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LONDON - Whole vats of column ink (or the invisible online equivalent) have been spent by industry observers on the refuge Hollywood has recently sought in the humble fairytale. Whether on Red Riding Hood or the giant-slaying Jack, blockbuster millions are being lavished on reconfiguring a familiar storytelling universe that was once largely the domain of animators.
But if it's been easy to connect this increased taste for pumped-up tradition to financially fragile US studios seeking comfort in the ultimate known quantities, we might now have to amend that copy a bit: “Blancanieves” a lush, lively new Sevillian spin on “Snow White and the Seven Dwarves” that carries Spain's hopes in this year's Oscar race, takes the trend to the international arthouse. “Snow White,” of course, currently leads the charge in fairytale revisionism, having already yielded two contrasting English-language adaptations this year: Tarsem's larkish, cupcake-colored delight “Mirror Mirror” and Rupert Sanders' older-skewing and considerably dourer Gothic take “Snow White and the Huntsman.”
Directed by Pablo Berger, whose last film was the mild porn satire “Torremolinos 73,” “Blancanieves” -- which recently had its UK premiere at the BFI London Film Festival -- targets a discerning audience that likely went to neither of those films, though it sits about halfway between them tonally, sharing the former's playful sensibility while taking the root of the story at least half as seriously as the latter – which is to say, about the right amount.
It differs from both, meanwhile, in shooting for starry-eyed romanticism to a greater extent than even Disney's 1937 benchmark version, and does so partially by framing one nostalgia trip in the cinematic language of another. Picking up, presumably coincidentally, where “The Artist” left off, “Blancanieves” is another full-tilt homage to silent cinema: shot in glistening monochrome, encased in the cosy Academy ratio and outfitted with crafty sonic and technical anachronisms that only underline its otherwise loving adherence to the principles of narrative cinema's early pioneers.
Though its meticulous pastiche of obsolete (or so we thought) cinematic form makes it seem more of an antique novelty than either of the other 2012 Snow Whites, “Blancanieves” is actually the most overtly modernized of the bunch, updating the action to 1920s Spain, injecting wicked notes of media satire into the action and – most innovatively – stripping the tale of all its supernatural elements. There's no magic mirror here, just a full-length one that sufficiently reflects the vanity of a wicked stepmother without needing to answer back.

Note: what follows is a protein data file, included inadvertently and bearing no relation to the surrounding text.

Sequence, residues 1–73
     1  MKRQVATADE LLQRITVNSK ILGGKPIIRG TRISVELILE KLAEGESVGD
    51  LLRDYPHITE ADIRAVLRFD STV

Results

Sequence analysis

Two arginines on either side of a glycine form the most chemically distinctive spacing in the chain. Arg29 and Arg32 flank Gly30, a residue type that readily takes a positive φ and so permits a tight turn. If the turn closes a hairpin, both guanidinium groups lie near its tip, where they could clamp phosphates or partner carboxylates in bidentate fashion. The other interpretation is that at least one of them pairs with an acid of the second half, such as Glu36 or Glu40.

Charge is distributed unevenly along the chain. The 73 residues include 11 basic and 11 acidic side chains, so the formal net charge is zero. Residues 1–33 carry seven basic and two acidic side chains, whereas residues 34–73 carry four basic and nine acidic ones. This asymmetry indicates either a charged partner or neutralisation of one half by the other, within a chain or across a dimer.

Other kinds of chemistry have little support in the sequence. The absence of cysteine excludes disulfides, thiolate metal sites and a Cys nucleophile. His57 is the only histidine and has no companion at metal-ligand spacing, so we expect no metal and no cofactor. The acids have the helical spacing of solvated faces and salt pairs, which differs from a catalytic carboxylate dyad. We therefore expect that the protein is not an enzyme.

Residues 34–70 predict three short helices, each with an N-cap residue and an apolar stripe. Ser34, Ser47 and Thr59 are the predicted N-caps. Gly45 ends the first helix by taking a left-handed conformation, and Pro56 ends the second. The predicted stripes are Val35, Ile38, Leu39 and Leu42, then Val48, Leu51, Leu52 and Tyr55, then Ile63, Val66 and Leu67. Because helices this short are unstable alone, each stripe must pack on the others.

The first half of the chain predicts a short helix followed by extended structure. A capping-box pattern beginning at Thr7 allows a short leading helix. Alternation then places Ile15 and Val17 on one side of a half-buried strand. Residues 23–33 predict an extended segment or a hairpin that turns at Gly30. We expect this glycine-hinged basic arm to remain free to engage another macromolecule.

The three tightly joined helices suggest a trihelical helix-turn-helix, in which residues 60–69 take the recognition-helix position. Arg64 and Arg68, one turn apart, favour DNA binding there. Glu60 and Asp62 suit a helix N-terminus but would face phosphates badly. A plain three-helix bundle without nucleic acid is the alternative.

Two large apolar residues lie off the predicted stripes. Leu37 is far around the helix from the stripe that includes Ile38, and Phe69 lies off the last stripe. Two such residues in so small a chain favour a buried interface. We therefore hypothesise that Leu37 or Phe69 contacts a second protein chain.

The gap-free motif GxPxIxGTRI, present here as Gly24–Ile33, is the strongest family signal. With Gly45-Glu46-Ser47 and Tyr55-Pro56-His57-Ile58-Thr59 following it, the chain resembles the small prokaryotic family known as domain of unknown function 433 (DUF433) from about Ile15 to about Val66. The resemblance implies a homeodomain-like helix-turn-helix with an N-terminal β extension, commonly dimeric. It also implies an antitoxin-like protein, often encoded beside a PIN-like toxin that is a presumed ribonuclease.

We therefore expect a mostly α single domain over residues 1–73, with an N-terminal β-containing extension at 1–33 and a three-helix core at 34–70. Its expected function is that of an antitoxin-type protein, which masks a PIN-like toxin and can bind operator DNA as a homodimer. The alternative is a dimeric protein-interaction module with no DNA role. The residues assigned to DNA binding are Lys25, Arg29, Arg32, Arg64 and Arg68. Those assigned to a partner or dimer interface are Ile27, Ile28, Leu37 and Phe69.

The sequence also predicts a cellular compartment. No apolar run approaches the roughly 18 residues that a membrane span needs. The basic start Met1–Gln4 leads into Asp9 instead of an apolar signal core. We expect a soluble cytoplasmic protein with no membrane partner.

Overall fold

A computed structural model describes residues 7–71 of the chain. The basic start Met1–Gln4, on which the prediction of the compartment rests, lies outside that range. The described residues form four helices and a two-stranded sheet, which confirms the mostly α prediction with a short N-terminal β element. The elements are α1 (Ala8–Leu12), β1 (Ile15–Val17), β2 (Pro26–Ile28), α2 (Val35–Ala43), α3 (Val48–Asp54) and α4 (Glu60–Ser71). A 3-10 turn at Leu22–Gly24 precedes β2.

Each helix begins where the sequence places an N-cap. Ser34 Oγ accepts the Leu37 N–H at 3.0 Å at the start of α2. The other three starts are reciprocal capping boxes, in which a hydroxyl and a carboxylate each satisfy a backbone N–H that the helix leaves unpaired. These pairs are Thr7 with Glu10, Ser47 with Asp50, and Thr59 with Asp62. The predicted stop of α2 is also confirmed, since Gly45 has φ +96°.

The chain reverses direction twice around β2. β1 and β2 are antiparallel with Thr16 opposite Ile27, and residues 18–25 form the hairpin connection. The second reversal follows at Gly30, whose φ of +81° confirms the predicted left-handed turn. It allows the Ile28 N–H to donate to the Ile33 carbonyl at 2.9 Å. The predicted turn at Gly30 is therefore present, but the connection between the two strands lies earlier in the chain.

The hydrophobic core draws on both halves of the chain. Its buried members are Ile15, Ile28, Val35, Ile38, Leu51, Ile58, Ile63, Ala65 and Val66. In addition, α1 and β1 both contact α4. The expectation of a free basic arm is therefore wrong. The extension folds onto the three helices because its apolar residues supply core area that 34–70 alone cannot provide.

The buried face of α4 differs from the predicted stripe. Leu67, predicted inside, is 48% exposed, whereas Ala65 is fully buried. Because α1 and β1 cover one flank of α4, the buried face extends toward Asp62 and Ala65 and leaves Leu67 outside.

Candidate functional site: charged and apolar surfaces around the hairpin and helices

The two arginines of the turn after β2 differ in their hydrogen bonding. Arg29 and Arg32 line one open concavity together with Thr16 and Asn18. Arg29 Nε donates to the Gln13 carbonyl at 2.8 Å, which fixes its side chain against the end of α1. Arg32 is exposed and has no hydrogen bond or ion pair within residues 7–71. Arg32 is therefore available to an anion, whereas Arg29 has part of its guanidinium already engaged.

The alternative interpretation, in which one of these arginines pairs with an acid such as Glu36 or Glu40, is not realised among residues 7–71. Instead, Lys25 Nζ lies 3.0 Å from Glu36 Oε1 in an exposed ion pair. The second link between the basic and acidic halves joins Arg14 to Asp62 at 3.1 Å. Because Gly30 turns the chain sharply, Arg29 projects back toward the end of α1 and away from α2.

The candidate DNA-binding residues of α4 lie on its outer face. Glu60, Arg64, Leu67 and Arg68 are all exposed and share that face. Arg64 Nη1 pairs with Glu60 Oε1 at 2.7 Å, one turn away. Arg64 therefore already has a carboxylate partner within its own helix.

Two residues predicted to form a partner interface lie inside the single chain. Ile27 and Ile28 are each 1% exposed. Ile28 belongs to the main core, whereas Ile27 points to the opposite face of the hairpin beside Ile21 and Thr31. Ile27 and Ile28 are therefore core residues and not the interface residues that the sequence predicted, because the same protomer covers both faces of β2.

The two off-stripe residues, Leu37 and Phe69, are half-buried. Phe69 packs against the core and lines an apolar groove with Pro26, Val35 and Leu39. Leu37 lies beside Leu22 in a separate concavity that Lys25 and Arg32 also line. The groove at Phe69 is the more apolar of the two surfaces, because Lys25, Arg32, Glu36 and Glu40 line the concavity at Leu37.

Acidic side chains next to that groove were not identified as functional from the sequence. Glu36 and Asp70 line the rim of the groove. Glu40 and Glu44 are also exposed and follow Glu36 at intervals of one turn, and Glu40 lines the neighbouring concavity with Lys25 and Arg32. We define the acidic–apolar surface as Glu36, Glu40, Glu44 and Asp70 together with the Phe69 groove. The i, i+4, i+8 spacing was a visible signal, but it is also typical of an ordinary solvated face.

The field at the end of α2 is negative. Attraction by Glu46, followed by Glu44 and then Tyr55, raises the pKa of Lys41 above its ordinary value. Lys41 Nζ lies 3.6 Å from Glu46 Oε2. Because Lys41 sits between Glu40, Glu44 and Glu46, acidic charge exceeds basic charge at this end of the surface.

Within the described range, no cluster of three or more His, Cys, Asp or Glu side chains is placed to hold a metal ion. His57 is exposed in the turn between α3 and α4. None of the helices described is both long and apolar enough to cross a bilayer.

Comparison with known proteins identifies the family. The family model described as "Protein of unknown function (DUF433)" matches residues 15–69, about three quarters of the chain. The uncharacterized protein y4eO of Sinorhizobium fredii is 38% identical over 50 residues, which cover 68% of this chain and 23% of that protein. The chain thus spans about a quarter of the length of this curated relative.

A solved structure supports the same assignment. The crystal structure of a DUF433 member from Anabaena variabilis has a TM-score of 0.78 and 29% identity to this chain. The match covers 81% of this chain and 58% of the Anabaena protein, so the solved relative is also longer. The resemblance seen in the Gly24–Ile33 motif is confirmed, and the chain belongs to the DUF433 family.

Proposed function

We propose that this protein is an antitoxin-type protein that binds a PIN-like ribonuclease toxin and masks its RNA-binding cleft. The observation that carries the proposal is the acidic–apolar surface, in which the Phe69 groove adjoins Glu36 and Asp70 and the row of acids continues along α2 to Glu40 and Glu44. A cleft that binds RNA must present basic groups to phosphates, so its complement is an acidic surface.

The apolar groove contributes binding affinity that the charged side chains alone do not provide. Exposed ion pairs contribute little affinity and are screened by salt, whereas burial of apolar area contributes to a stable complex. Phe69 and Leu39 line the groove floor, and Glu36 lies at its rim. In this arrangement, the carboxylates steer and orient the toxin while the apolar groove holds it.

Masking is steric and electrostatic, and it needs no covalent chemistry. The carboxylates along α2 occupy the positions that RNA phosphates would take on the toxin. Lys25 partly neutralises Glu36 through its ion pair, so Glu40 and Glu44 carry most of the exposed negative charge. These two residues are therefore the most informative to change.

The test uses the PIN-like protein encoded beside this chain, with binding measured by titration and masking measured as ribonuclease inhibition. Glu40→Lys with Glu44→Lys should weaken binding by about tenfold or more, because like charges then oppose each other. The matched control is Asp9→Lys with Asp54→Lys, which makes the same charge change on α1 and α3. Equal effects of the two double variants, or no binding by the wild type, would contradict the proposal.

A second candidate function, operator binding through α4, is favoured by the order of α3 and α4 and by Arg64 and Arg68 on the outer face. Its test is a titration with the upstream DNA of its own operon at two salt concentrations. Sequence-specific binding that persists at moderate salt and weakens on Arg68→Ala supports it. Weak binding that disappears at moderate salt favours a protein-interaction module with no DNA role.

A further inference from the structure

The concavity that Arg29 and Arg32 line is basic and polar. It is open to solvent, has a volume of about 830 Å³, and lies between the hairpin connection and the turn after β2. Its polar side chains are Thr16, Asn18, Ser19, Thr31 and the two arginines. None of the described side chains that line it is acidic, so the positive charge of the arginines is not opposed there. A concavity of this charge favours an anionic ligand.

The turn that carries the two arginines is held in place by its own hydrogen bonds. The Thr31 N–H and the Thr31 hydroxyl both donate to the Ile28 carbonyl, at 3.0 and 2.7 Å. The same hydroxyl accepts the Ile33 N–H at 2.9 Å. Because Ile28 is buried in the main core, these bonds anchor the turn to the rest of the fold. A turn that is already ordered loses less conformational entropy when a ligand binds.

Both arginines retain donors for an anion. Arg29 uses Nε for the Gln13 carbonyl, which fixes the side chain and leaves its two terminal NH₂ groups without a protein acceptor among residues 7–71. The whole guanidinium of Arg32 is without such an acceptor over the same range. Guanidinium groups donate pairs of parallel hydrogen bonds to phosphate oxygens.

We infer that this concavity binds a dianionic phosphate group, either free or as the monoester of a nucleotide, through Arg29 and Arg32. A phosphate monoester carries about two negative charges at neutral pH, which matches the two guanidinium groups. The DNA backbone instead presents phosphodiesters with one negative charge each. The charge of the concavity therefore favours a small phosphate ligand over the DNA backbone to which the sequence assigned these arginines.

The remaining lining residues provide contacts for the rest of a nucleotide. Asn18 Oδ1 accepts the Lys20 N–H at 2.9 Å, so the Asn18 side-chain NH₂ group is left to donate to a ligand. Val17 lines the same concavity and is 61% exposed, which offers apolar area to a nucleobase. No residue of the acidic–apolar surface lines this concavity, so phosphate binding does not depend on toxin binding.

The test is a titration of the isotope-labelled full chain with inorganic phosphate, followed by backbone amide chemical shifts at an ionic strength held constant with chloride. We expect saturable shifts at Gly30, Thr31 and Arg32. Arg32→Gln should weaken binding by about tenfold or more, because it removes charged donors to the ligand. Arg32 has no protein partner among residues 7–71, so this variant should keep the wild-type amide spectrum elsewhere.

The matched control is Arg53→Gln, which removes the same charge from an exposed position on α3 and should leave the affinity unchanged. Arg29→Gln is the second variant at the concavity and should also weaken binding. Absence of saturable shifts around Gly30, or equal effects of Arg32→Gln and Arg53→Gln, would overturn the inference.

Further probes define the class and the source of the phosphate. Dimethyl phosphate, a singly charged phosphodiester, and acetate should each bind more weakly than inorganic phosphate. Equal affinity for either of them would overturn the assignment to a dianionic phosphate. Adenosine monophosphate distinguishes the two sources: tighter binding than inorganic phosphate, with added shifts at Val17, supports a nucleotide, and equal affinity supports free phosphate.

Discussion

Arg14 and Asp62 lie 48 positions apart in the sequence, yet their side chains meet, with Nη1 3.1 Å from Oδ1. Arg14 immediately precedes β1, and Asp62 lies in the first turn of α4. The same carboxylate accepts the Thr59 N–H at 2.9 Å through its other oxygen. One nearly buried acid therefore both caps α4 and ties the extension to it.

You'll have no trouble recognizing the familiar development of the story beneath the flavorful cultural accoutrements of fizzy maracas and matador bling. Snow White here takes the name of Carmencita, a raven-haired tyke (the irresistible Sofia Oria) born into tragedy when her mother, Spain's leading flamenco dancer, dies in labor, sending her father – neatly enough, Spain's leading bullfighter – into irretrievable shock.
Enter the fabulously malevolent Encarna (Maribel Verdu, of “Y tu Mama Tambien” and “Pan's Labyrinth” fame), who bewitches Carmencita's enfeebled pa and makes her stepdaughter's life a living, if attractively lensed, hell. When the girl grows up and tumbles into the merry shelter of a sideshow band of mini-matadors, you more or less know where this is going, until you don't: someday no prince will come, but one of the dwarfs is eager to double up, while the resolution strikes a note of tragic compromise more in keeping with the macabre adult leanings of early fairytales than Disney-model happy endings.
After a buoyant first act that Berger himself seems reluctant to leave, the air leaks out of the soufflé a little as our suntanned Snow White (later played by the bright-eyed but less engaging Macarena Garcia) reaches adulthood. As the dwarfs never quite cohere as an entity, any screen time not handed to a gloriously vampy Verdu feels ill-spent: attired in a series of progressively outlandish Art Deco creations that pitch her halfway between Garbo and Mommie Dearest (costume designer Paco Delgado, whose threads are soon to be seen in “Les Miserables,” is clearly having a ball), Encarna isn't cinema's first villain to swallow the heroine whole, but when she finally proffers the poisoned apple, my silent cheer of “You go, girl!” probably wasn't the most appropriate response.
With that said, “Blancanieves” is entirely too gorgeous for such quibbles to take center stage. Kiko de la Rica's camera takes some kinetic options that definitely weren't available to cinematographers in the 1920s, but also knows when to just stay put and marvel at the film's ostentatious design, while Alfonso de la Vilallonga's clever, clattering, ethnically-infused score is more loyal to its period than that of “The Artist,” though in one key scene, Berger breaks the code by allowing the rumble of fireworks to intrude on its soundtrack. Whether the Academy agrees or not remains to be seen, but there's enough practical magic here to excuse the self-celebration.
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